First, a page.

Death of our loved ones isn’t something we like to think about, especially in the middle of a pandemic. We have to be realists, however, and accept that as South Africans living abroad with family back home there is a chance that we will feature in a loved one’s last will and testament at some point in the future. Dealing with bureaucracy back home can be a frustrating and lengthy process, so it pays to be prepared beforehand so you know how to minimise the stress and hassle of claiming your inheritance from South Africa.
South African exchange control changes in 2021
Along with phasing out the concept of formal emigration through the Financial Surveillance Department of the South African Reserve Bank (FinSurv), thanks to changes made to tax law, all new emigration applications from 1 March 2021 onwards will be processed by the South African Revenue Service instead. Using a new compliance verification-based system, SARS will examine whether an individual has ceased to be a resident for tax purposes, in order to achieve tax emigration.
Outdated, complicated exchange control procedures have been replaced by the uniform application of a positive list framework in terms of which all cross-border transactions are permissible except those subject to capital flow control measures or transactions that pose a high risk of being illegal.
Furthermore, amendments have been made to Section B.2(J) of the Currency and Exchanges Manual for Authorised Dealers, that changes how forex providers must handle private individuals who cease to be South African tax residents. According to this updated section natural person, emigrants and natural person residents are now to be treated the same, but the distinction between South African resident assets and non-resident assets remains unchanged.
What does this mean if you’re an expat living abroad with an inheritance claim in South Africa?
Authorised Dealers are now permitted to move inheritance money out of South Africa on confirmation that the individual has ceased tax residency status with SARS.
Time-saver tip: These are the documents you must provide to the Authorised Dealer handling the transfer of your inheritance money from South Africa:
- Death certificate
- The Last Will and Testament of the deceased
- Liquidation and Distribution Account
- Letter of Executorship
Where the total assets of the South African resident deceased estate are less than R250 000, inheritance money that is due may be transferred abroad to you, but the bank handling your transfer will need to be provided with the Last Will and Testament and Letter of Executorship or Authority to prove the source of these funds is in fact an inheritance. If you don’t already have one, you will need a Non-Resident Bank Account in South Africa, through which your money will be sent offshore. Here’s what you need to know about these expat bank accounts.
Tips on how to transfer money out of South Africa, once you have received your inheritance funds:
- Authorised Dealers can facilitate the transfer of up to R10 million in total per calendar year per individual who ceased tax residency in South Africa.
- For transfers above R10 million, a TCS PIN will have to be obtained from SARS.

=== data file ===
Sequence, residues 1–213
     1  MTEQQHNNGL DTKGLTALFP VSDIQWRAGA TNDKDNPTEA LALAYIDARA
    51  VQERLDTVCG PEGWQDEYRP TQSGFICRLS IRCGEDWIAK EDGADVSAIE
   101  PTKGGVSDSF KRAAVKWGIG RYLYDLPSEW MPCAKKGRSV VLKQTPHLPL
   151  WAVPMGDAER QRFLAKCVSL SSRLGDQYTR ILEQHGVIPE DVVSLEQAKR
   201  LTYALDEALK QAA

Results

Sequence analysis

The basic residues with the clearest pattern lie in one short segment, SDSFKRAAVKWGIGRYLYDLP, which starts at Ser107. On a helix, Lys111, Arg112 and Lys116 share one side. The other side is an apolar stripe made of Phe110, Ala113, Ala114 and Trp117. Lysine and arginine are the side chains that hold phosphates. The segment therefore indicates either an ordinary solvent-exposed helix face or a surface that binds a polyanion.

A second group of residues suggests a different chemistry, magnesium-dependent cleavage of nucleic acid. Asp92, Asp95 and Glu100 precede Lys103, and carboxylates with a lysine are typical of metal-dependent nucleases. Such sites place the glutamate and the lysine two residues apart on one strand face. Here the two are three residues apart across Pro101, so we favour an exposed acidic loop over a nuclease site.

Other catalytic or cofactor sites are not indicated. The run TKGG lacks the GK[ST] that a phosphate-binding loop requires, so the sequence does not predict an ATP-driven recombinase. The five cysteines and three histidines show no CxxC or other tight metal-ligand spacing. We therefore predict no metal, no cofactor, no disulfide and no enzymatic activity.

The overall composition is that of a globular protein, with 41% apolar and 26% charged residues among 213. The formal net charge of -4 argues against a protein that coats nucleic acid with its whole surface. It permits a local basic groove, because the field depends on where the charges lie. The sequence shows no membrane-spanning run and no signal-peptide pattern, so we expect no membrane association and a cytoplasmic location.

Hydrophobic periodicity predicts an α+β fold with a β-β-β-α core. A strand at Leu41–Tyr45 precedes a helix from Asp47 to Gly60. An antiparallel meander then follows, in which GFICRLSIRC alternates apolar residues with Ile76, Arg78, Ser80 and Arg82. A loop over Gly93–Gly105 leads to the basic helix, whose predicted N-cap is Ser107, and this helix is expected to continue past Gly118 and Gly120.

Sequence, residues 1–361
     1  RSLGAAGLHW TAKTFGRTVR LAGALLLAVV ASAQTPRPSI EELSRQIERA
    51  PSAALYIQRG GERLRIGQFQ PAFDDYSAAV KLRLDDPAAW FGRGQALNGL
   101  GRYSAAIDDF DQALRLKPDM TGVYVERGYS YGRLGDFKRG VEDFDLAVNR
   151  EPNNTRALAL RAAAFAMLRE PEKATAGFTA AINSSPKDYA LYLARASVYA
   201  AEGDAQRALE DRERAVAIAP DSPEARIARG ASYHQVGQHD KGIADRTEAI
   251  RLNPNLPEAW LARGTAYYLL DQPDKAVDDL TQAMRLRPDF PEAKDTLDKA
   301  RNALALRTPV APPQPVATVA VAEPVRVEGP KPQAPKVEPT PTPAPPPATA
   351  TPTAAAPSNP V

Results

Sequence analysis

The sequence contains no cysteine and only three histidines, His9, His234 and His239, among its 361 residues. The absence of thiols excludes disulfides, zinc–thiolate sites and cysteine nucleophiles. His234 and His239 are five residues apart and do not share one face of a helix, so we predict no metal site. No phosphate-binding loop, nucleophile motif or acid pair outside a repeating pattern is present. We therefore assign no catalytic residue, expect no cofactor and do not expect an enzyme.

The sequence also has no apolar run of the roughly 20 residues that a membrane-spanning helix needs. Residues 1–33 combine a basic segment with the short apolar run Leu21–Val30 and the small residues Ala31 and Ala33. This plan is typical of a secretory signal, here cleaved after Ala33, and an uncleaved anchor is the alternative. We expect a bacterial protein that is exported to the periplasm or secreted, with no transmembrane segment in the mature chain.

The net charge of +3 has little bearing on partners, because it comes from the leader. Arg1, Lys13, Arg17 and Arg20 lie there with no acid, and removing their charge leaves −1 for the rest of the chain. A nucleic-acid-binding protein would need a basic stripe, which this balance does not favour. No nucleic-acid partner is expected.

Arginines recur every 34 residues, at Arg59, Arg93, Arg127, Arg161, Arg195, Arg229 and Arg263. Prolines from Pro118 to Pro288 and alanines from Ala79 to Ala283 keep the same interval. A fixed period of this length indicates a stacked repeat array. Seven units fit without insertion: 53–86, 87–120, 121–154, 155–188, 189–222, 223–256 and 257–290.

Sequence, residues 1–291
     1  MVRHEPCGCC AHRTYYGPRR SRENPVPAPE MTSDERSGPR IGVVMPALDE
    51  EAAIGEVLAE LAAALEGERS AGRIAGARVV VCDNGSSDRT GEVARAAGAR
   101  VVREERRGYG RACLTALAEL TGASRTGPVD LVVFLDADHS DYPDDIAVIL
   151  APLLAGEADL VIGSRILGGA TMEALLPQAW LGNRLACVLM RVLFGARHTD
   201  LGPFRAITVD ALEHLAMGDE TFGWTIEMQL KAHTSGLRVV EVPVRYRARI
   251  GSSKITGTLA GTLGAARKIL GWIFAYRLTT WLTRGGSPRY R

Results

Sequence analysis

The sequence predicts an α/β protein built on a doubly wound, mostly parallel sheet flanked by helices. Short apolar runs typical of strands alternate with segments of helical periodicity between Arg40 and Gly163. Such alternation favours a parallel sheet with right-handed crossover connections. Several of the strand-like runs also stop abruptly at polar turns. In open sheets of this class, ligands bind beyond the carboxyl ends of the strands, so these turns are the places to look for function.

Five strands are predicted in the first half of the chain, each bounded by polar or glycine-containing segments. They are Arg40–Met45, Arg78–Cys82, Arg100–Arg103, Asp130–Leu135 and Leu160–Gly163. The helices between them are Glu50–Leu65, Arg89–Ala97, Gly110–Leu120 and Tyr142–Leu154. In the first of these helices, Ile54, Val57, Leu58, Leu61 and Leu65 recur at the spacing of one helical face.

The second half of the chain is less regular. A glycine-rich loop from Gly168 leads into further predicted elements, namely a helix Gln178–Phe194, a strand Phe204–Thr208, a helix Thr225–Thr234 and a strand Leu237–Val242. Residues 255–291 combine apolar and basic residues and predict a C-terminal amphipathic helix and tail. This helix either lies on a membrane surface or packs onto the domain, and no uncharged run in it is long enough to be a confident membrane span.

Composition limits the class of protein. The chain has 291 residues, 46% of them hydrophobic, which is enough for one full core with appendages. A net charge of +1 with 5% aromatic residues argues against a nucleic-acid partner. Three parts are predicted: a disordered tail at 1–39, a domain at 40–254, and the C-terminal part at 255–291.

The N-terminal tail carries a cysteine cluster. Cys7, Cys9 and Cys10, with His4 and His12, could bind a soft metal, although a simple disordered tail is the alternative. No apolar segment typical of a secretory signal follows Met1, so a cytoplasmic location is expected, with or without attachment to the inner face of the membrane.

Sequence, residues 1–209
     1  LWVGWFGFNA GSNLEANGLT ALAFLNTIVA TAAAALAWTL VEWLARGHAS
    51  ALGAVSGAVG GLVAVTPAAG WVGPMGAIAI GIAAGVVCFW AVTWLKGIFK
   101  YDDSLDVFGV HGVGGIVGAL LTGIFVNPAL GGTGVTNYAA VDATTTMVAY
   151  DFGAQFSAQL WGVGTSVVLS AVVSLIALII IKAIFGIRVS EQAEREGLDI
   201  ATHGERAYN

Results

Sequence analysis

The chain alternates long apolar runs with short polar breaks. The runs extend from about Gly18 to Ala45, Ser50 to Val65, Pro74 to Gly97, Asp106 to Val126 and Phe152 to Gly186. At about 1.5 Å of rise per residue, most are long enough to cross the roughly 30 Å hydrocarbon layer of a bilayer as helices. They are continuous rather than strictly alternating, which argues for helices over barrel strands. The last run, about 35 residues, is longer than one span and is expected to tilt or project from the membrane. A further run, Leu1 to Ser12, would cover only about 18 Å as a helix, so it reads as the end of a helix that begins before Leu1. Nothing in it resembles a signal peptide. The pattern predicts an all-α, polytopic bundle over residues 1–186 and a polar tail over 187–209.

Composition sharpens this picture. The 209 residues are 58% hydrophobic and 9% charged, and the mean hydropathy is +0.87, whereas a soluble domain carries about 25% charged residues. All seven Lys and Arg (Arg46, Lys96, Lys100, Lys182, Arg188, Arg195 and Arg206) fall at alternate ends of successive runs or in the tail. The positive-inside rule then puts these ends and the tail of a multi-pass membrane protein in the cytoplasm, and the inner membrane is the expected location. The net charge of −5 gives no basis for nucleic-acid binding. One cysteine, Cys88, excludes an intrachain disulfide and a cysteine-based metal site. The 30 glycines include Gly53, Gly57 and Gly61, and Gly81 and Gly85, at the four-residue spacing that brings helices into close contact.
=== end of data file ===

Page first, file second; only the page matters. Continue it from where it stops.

South African non-tax residents who want to transfer more than R10 million offshore in a year:
- Will be subject to a stricter SARS verification process and then an approval process with FinSurv.
- Larger transfers will be subject to a risk management test that will assess tax status verification, funds source, as well as the undertaking of an individual-level risk assessment in terms of anti-money laundering and countering terror financing requirements contained in the Financial Intelligence Centre Act.
- To transfer an amount larger than R10 million, an application must be made toFinSurv, supported by a TCS PIN letter containing the individual’s tax number and TCS PIN to verify tax compliance.
- All transfer of assets by private individuals that have ceased South African tax residency will be subject to tax compliance checks.
What must you do if you inherit a house in South Africa?
If a relative has left you a non-monetary bequest like property or a house in their will, how does this work? While most people are apprehensive about such a bequest, worrying that inheriting a house is basically inheriting a bottomless pit of hidden costs, this is not actually the case.
Fortunately, most costs will be covered by the estate, which means that as the beneficiary, you should not be expected to pay conveyancing fees and transfer duties. This means that when you inherit a house or property in South Africa, the only real cost (except of course for any outstanding debt on the property and maintenance and improvements) comes in the form of Capital Gains Tax. You don’t have to pay it right away, or even before you take transfer of the property. You’ll only need to address Capital Gains Tax when you sell the property. The tax amount payable is then calculated on the difference between the property’s present-day value and the value on the day of inheritance.
- Read more: Capital Gains Tax, Explained.
FinGlobal: cross-border financial specialists for South Africans living abroad
Cross-border inheritances can be lengthy, complicated, drawn-out processes. It makes sense to find a trustworthy financial services partner to assist you access your inheritance and transfer the proceeds abroad in a safe, time-efficient manner; a partner that will even help you with tax clearance where necessary. That’s what we do at FinGlobal. We help South Africans move their money where they need it to be. We offer highly competitive foreign exchange rates, transparent service fees, and accelerated timelines – all of which add up to a faster, larger inheritance transfer for you.
Top Tip: Let FinGlobal simplify your life and assist with smoothing out your complicated cross-border inheritance claim. Leave us your contact details and we’ll be in touch.